|The cute kids at the slums washing|
their hands after we built the Tippy Tap
Tippy Tap Project
According to UNICEF an estimated 1.5 million children die annually from diarrhea related issues. A large portion of these deaths occur in the country of India. The WHO estimates that everyday nearly 1,000 children die from diarrheal diseases. Nearly half of these deaths could have been prevented through the use of soap. Unfortunately, It is not the lack of access to soap, but the lack of understanding about the importance of proper hand washing, germs, and soap that contributes to the problem.
In the slums, these have limited knowledge and access to adequate health education. As a result, their idea of hand washing is ineffective being that it is simply rinsing hands in the still water filled with bacteria and in some cases worms. This allows for the transmission of deadly bacteria that is either in the water or not effectively scrubbed off with soap. In addition, our project will also be addressing the transmission and prevention of other infectious diseases such as TB, HIV/AIDS, Malaria, etc.
I am so excited for this project, especially after being there in the first place to build soilets which led to, "What happens after the use of the soilet? How do they wash their hands?" We saw no soap there at all and I had noticed that some of the children had sores on their faces. The kids here are the most energetic happiest and most thoughtful children I have ever met and very polite. All of them come and shake our hands and the little boys will go pick flowers to give to us while the girls just want to grab my hands and pull me along with them everywhere! What really got to my heart though was when these two little sisters who had stayed by my side the whole time started to give me their toys to take with me. I was so humbled, these girls have absolutely nothing and yet, they were willing to give me their toys. I couldn't accept them and I told them I would be back and to keep them until I came back and we could all play with them!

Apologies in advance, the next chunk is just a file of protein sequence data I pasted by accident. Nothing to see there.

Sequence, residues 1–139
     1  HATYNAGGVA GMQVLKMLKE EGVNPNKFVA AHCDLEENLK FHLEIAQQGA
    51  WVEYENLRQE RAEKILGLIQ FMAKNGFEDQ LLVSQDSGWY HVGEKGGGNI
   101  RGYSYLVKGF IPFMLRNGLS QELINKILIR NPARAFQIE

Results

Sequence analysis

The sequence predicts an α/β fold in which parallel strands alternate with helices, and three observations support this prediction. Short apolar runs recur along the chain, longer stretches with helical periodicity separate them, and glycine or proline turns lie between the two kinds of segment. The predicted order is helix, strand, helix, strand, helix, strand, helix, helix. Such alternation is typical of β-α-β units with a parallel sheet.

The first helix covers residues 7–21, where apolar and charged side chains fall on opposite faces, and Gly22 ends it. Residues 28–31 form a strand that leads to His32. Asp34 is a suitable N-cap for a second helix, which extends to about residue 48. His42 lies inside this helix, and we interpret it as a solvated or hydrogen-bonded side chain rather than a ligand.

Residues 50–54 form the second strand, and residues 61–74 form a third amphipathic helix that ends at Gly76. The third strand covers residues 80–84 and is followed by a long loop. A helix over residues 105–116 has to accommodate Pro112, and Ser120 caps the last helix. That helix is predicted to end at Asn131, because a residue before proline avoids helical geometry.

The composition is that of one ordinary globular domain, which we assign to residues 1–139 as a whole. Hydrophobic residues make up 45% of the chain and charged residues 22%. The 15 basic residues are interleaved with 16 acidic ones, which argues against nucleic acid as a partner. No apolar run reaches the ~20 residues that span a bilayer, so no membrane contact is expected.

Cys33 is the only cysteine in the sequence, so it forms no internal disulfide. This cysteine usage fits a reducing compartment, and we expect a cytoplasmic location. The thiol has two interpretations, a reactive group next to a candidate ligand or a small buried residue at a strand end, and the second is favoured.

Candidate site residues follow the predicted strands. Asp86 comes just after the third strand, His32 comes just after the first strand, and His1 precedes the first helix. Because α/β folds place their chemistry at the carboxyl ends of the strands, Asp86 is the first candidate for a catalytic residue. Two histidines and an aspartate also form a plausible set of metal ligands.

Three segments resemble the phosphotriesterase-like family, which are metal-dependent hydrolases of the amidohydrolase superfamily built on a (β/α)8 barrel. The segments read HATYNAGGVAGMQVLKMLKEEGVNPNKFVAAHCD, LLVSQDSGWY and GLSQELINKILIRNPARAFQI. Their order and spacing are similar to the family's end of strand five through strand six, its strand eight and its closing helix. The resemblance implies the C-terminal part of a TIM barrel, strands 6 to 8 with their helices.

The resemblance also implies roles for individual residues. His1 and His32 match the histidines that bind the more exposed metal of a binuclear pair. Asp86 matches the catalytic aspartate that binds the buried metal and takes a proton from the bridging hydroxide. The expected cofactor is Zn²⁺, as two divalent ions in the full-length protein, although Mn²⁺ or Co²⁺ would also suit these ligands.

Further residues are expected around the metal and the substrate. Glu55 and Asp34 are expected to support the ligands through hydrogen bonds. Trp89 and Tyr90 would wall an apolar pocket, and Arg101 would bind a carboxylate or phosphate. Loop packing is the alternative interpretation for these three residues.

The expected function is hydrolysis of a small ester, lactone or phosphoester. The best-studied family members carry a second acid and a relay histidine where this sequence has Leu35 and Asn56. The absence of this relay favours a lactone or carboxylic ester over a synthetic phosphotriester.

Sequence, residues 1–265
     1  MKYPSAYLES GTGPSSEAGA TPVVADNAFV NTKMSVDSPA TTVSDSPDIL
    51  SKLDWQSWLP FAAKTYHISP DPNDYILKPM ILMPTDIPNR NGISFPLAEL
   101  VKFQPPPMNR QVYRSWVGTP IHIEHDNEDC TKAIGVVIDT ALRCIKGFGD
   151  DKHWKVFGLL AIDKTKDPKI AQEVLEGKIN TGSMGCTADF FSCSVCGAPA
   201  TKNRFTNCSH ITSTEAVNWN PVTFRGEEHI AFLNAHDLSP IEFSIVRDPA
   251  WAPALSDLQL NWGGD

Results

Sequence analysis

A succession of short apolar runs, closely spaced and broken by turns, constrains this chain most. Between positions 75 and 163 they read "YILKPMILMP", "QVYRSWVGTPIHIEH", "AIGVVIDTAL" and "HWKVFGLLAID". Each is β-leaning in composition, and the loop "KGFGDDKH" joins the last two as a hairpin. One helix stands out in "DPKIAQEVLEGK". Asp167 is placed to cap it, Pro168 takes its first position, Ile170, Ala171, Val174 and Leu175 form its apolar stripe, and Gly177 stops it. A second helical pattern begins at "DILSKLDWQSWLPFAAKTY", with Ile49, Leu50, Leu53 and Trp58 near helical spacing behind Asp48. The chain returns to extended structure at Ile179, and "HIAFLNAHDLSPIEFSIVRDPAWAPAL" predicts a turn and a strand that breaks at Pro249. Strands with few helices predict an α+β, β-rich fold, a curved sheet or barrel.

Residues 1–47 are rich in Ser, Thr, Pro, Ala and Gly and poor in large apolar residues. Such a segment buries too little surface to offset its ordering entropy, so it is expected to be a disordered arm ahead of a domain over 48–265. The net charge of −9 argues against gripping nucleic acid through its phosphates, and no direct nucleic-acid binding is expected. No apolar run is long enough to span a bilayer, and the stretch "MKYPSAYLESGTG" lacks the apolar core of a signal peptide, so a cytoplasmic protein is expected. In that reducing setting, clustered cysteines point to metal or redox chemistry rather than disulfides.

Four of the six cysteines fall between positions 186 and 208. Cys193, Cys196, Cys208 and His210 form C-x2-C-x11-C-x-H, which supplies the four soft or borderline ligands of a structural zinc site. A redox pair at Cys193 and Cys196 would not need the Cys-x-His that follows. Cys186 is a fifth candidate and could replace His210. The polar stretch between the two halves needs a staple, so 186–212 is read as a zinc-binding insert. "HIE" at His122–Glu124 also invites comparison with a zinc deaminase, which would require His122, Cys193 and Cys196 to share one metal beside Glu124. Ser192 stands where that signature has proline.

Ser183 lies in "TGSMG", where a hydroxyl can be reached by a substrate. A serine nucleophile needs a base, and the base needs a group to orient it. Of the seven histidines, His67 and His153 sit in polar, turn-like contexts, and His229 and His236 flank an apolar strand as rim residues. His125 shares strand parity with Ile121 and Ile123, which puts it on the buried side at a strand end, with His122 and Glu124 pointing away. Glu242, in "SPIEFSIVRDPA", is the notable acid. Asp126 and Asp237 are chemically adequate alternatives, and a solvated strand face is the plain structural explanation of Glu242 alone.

I want to do everything I can to help these children and families! We were guided to the organization SAPED who is working on these particular slums and they had done a lot of work on the square foot gardens, another project of ours. It had been introduced to this organization a few years back and they have already built 5,000 gardens with a goal to build 10,000 in the next few years. This is why we are so anxious to introduce the Tippy Tap and Soilet idea and teach them how to build and maintain these for sustainability. SAPED, works primarily in the slums surrounding Hyderabad, India. We are hoping that by introducing the tippy tap to this organization and it is implemented it will help to reduce the number of diarrheal deaths as well as other preventable diseases occuring in the slums. One of the best parts about the tippy tap is that anyone can make it because it is made of sticks, string, a plastic container, a nail, and a match.